Local public health centers in danger of closing: Kirkland needy to be impacted by possible loss of Northshore public health center

Unless the county immediately can cough up another $5 million and figure out a way to sustain their operation, it is likely that the North Public Health (located in Northgate), a dental clinic on Lake City Way and King County Public Health at Northshore (10808 N.E. 145th St., just north of Kirkland) will all close.

This is based on the 2007 budget that King County Executive Ron Sims officially will hand over to the King County Council on Oct. 16, with a final decision to be announced Nov. 20. According to public health communications manager James Apa, "The county budget is a multi-month process," where all the departments are canvassed for individual budget recommendations. Between Oct. 16 and (traditionally) the Monday before Thanksgiving (Nov. 20), the council reviews and votes on all submitted budgets. The county Web site will be updated on both of these dates: www.metrokc.gov. Look for links to executive's budget proposal.

Blow to community

It is estimated that 150 jobs would be lost and according to Northshore employee Suzanne Gordon, "This is a cost-cutting measure that would save $4.6 million and leave no access to public health care in North Seattle and the Eastside.

"The low-income people who use these clinics, which saw more than 19,000 people in the first half of 2006, will be left stranded and will force them to travel south to receive low-income medical/mental/dental care," Gordon said. "There is the real possibility that our clients will choose not to get treated at all as they have transportation issues or other obstacles in getting access to health care for themselves and their families."

Advocacy group trying to keep sites open

Gordon is part of the advocacy group "Communities for Public Health," formed in July 2006 by the staff of North Public Health as a result of a meeting with the staff from the three sites that was called by the King County Office of Management and Finance. Gordon said, "The announcement was made that a proposed budget for 2007 would be given to Ron Sims and that the recommendation would be made to close these three sites, as the public health budget office could not find the funds to close the gap to keep these sites open."

Bob Cowan, King County's budget director, states simply that "the problem is money and availability of money." Cowan said that between the swelling numbers of uninsured and underinsured and the fact that the county doesn't get reimbursed by Medicaid or other insurance, the public health budget jumped from $18 to $23 million from 2005 to 2006. The extra $5 million came from the current expense fund, which also pays for general governmental expenditures such as traffic safety, the court systems and the sheriff's department.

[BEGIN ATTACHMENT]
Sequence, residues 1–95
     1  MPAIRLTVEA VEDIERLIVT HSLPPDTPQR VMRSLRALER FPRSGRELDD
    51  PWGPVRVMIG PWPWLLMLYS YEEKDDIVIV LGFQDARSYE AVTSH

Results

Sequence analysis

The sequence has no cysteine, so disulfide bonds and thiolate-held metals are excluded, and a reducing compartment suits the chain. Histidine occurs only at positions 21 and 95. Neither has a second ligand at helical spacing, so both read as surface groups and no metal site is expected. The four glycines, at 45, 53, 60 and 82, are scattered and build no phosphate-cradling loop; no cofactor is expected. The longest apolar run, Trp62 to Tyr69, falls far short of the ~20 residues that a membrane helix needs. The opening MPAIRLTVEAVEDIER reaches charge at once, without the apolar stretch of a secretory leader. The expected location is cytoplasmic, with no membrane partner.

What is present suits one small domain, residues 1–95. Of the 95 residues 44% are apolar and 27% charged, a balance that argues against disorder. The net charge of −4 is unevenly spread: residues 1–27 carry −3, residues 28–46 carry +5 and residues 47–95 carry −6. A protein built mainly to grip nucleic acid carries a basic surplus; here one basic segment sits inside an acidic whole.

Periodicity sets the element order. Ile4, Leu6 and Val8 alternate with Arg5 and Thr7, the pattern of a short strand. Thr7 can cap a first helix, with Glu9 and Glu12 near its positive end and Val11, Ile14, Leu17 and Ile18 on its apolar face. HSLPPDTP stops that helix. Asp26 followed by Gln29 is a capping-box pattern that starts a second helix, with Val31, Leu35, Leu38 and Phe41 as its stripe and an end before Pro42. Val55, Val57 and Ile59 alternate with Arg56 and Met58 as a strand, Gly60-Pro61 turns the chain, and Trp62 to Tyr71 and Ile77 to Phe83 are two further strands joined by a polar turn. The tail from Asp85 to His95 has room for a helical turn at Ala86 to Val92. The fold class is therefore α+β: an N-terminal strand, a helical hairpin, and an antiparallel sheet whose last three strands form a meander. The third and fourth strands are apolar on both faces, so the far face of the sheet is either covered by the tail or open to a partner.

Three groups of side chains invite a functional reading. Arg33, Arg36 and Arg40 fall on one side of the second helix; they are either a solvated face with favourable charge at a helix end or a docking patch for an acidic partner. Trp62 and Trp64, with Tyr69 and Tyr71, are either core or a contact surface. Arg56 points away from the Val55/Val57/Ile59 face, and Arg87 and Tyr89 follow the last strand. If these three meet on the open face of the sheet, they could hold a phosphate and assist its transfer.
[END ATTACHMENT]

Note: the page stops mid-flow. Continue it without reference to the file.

"The issue," Cowan says, "is our ability to sustain that percentage growth each year. Our revenues aren't growing that rapidly." He also adds that King County Executive Ron Sims "never wants to close a facility and has directed us to look for funding to keep the facilities open." However, the public health budget is currently competing with the sheriff's blue ribbon panel report on 9/11, which recommended nine priority additions to the sheriff's budget, totaling $5 million. "There are a lot of competing demands," he added.

Cowan says it costs $4.5 million to operate the two health centers for the year. The dental clinic wasn't mentioned.

Cowan said that about 40 percent of the current expense fund is comprised of property tax, with some revenues coming from new construction. He said the next biggest source is sales tax, which has been increasing at an annualized rate of about eight to nine percent over the past couple of years. "That won't last forever," he said. Moreover, property tax is limited to one percent growth per year, obviously far below the rate of inflation.

The Northshore Public Health site offers family planning services (STD/HIV testing, birth control methods, women's health (yearly paps, breast exams), counseling, an immunization clinic, a travel clinic (for shots for travel out of the country), a WIC (women, infant and children) office and vouchers for food, formula, prenatal and postpartum care.

"All three sites combined have served 80,000 people," Gordon says. "Where will they go if the proposal goes through? In the event of a large scale disaster, who will be available to assist the public?"

Rhetorical, unanswerable questions seem to be gaining ground on shoulder-shrugging answers. It shouldn't be that way.

A rally is planned for Sept. 30, 10 a.m. to noon, rain or shine, at the North Public Health Center, 10501 Meridian Ave. N., north parking lot, with music and community speakers. Information: www.seattleactivism.org/events/event2400.htm[[In-content Ad]]